There’s no reason why I should like this book, and I don’t … I LOVE it!!!!!
It’s a chunk of change at $26.95, but it’s also a good, sturdy hardcover a shade over 250 pages, so it’s good value. Plus, it’s frickin’ excellent. If you want to read it on your computer, click the link above and head on over to read the webcomic.
As I wrote, there’s no reason why I should like this comic. It’s all about icky girls, young teen ones at that, and who wants to read about them? Plus, it’s all fantasy crap, and who wants to read that? And, as has been pointed out recently, I’m a heartless, soulless bastard who thinks anything of wonder in the world needs to be ground under the boot of conformity. So why do I love this?
Beats me. Because it’s awesome, maybe? Sidell follows two main characters, Antimony Carver and Katerina Donlan, as they attend boarding school in Gunnerkrigg Court, which is an odd place, but I’ll get back to that. Siddell’s world is full of magic and science, with keen robots existing alongside ghosts and fairies and talking animals. Annie is much more magically inclined, while Kat is the scientific one. The world is also divided between the Court and the Gillitie Wood, which forms the political backdrop of the comic – the two sides have an uneasy truce, and Annie, somehow, is able to bridge the gap in understanding between them. As the comic progresses, I imagine this will become more important, as in this volume, Annie takes the first steps toward being an ambassador from the Court to the Wood. There’s a lot going on in this book, though, so that’s just one part of Annie’s life.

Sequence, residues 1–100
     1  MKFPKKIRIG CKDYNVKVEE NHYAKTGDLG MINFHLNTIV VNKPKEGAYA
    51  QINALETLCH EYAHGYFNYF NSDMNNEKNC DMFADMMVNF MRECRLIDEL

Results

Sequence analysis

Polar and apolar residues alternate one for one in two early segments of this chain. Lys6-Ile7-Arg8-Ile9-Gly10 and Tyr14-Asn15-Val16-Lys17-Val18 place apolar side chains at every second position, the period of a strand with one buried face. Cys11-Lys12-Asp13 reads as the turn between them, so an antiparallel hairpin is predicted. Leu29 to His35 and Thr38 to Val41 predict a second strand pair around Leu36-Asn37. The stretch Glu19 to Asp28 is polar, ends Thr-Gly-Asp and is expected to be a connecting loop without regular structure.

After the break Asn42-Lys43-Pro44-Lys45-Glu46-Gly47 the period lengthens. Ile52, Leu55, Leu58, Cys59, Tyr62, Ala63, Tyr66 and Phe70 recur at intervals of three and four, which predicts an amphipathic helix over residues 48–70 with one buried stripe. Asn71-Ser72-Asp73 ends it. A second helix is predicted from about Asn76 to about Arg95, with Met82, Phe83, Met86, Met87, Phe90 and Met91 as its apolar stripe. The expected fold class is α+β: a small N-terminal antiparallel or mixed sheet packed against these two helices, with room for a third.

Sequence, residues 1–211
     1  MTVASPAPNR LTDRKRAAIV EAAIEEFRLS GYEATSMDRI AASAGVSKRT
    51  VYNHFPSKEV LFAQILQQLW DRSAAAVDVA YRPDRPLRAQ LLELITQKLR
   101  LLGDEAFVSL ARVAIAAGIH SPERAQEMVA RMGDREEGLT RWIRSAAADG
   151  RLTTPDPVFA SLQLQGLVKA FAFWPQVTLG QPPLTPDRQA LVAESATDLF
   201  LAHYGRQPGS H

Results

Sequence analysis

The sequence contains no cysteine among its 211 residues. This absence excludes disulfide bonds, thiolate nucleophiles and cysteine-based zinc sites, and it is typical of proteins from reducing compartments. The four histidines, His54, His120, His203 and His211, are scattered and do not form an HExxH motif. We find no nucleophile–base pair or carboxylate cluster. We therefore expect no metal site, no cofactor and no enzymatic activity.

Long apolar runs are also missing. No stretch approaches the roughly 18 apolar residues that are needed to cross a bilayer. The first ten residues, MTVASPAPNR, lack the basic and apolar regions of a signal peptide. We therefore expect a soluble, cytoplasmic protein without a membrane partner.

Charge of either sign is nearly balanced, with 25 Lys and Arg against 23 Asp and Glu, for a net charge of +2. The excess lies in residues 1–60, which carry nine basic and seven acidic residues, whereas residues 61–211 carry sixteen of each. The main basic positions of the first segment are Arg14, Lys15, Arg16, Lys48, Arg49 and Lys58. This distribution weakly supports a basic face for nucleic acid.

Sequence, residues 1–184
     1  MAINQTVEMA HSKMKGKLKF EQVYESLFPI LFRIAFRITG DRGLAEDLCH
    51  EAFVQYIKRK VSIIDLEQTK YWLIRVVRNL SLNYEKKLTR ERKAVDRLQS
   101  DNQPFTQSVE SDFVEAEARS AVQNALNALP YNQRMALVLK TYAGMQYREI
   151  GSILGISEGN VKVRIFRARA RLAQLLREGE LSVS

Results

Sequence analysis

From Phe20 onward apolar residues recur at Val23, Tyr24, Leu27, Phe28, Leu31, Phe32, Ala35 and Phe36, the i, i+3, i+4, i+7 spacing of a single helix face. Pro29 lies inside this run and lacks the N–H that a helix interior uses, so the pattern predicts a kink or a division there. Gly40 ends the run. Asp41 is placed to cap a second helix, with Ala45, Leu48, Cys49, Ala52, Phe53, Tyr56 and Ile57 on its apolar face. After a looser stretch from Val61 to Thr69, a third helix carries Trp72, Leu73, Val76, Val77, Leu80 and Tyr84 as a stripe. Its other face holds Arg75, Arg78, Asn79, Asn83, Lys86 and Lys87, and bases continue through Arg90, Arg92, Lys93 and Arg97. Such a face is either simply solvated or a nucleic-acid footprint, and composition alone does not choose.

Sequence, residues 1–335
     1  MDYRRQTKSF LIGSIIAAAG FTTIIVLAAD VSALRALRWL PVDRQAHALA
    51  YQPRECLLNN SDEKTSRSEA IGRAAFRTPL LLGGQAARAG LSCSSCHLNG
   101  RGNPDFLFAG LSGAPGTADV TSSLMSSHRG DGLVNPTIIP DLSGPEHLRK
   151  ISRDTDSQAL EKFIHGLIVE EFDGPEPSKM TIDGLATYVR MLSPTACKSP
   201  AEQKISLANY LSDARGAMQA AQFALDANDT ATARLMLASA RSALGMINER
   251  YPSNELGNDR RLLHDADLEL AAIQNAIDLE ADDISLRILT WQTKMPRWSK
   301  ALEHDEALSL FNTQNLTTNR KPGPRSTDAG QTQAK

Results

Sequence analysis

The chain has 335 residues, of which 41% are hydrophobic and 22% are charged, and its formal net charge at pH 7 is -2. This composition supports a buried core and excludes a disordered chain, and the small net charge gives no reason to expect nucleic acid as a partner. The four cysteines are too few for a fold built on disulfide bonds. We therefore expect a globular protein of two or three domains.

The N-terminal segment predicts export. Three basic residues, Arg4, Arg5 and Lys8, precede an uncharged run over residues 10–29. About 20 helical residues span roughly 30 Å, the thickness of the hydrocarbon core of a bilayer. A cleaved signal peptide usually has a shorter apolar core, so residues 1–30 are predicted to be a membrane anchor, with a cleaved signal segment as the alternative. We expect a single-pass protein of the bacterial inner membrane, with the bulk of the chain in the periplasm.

Siddell reveals things slowly and occasionally obliquely, which is kind of neat.
You don’t need to have read the first volume to glean what’s going on, because Siddell refers to earlier events quite often and fits them neatly into the narrative. Annie and Kat have many adventures that slowly peel back the secrets surrounding the Court and their history, including those of their parents (Annie’s are, apparently, dead, but they were friends with Kat’s mother, and we see some of their relationship in flashback [after reading some of the earlier chapters, it appears Annie’s mother is dead and her father is missing]). Annie has special powers that allow her to escort the dead to their final rest (and see ghosts, which doesn’t seem too special in this world), while Kat tinkers with machines and, for instance, disables the security system so she and Annie can sneak out one night. They make a good team, and Siddell does a nice job showing how they play off each other.
While the vignettes themselves are well done (each “chapter” tells a fairly complete story, while still building the world nicely), where the book shines is in Siddell’s characterization. Annie and Kat have a wonderful friendship, but they’re just two of the many characters in the comic. Annie is more reserved and more thoughtful, while Kat is more vivacious and rebellious. That’s not to say that Annie isn’t rebellious or Kat isn’t clever, because they are, but Annie’s rebelliousness comes through in more subtle ways while Kat is less a fine student than a girl who finds a different outlet for her intelligence. Siddell, however, populates the book with neat characters and shows how the two girls interact with them. Kat’s mother has secrets, some of which we learn in this volume, and she tries to guide the girls without exposing them too much to the danger in the world. Annie is calm when confronted with strange things, as Siddell shows she is much more comfortable dealing with them than most people.